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John Eaglesham


Spawn::Safe - Fork and exec a process "safely".


A basic example:

 use Spawn::Safe;
 use Data::Dumper;
 my $results = spawn_safe({ argv => [ 'ls', '-al', '/var/' ], timeout => 2 });
 die Dumper $results;

As a replacement for backticks:

 use Spawn::Safe;
 # $output = `ls -al /var/`;
 $output = spawn_safe(qw{ ls -al /var/ })->{stdout};


Spawn::Safe is a module designed to make "safe" calls to outside binaries easier and more reliable. Spawn::Safe never invokes a shell (unless the shell is explicitly requested), so escaping for the shell is not a concern. An optional timeout is made available, so scripts will not hang forever, and the caller is able to retrieve both stdout and stderr. An optional string can be passed to the executed program's standard input stream.



Spawn (via fork and exec) the specified binary and capture its output.


If passed a single scalar, spawn_safe will assume that to be the the target binary, and execute it without a limit on runtime.

If passed an array, spawn_safe will execute the first element of the array as the target binary, with the remaining elements passed as parameters to the target binary, without a limit on runtime.

The preferred mode is to pass in a single hash reference. When called this way, the following keys are available:

  • argv

    Either a string containing the name of the binary which will be called with no parameters:

     my $r = spawn_safe({ argv => 'ls' });

    Or an array reference containing the binary and all of its parameters:

     my $r = spawn_safe({ argv => [ 'ls', '-al' ] });
  • timeout

    The amount of time, in seconds, the binary will be allowed to run before being killed and a timeout error being returned. If false (or is otherwise undefined or unset), the timeout will be infinite.

  • env

    A hash reference containing the new environment for the executed binary. If false (or otherwise undefined or unset), it will default to the current environment. You must specify the complete environment, as the current environment will be overwritten as a whole. To alter only one variable, a copy of the enviornment must be made, altered, and then passed in as a whole, eg:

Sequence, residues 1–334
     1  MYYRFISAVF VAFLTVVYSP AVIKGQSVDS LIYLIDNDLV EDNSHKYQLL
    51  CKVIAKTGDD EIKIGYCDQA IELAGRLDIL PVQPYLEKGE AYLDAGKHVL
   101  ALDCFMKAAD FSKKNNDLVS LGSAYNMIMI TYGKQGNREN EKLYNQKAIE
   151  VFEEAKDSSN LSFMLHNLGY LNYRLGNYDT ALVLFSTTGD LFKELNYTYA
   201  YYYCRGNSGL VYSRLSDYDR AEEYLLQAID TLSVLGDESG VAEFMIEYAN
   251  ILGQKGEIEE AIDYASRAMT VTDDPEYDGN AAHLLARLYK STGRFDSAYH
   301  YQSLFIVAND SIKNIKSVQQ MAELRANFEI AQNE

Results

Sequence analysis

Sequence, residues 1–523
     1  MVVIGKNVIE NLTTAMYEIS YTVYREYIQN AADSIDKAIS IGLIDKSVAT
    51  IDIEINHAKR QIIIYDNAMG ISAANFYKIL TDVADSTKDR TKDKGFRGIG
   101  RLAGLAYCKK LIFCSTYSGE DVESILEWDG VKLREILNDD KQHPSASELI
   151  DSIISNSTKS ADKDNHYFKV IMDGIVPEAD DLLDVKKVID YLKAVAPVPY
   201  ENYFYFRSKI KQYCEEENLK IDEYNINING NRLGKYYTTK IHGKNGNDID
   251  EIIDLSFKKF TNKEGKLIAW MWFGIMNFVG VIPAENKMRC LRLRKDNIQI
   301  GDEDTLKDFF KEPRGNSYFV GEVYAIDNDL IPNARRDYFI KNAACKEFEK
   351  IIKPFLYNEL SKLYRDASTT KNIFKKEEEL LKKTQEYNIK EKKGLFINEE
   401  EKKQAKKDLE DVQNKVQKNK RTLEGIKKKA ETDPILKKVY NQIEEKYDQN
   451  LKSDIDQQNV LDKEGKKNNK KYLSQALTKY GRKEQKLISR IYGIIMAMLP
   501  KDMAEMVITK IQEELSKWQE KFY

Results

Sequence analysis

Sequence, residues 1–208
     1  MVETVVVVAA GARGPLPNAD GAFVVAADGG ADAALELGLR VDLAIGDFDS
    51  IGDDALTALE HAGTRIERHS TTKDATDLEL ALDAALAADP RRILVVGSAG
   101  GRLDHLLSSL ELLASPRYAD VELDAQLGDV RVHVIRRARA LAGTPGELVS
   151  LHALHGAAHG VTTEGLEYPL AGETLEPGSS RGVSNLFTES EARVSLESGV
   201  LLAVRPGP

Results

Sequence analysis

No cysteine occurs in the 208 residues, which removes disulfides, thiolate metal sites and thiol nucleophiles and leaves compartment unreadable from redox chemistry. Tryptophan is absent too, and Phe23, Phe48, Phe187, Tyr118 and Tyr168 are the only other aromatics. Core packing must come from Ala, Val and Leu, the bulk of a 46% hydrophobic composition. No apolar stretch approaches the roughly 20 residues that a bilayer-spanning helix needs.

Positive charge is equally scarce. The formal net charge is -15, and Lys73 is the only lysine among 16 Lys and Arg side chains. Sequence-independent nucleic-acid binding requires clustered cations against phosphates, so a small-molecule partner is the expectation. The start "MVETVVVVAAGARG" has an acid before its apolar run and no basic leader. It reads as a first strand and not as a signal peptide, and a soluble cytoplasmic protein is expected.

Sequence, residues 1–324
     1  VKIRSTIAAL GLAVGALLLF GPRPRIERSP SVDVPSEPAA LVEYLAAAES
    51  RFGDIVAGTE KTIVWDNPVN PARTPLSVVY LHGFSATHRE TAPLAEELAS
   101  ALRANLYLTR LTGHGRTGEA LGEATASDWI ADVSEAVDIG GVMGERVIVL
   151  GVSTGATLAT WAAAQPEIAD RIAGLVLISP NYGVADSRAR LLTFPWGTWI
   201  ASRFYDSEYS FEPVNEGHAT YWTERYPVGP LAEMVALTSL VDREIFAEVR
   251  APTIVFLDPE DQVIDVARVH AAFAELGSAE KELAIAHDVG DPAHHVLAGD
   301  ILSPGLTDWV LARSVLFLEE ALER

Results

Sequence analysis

my %new_env = %ENV;
     $new_env{'TMP'} = '/var/tmp/';
     my $r = spawn_safe({ argv => 'ls', env => \%new_env });

    Please note that if a new environment is specified, the new binary's environment will be altered before the call to exec() (but after the fork(), so the caller's environment will be unchanged), so the new environment will take effect before the new binary is launched. This means that if you alter a part of the environment needed to launch the binary (eg, by changing PATH, LD_LIBRARY_PATH, etc), these new variables will need to be set such that the binary can be executed successfully.

  • stdin

    A string to be passed to the target binary's standard input stream. The string will be written into the stream and then the stream will be closed.

     my $r = spawn_safe({ argv => [ '/usr/bin/tr', 'a', 'b' ], stdin => 'aaa' });

Return value

A hash reference will be returned containing one of the following sets of values:

  • If the binary could not be spawned, the single key, 'error' will be set, which is a text description of the reason the binary could not be spawned.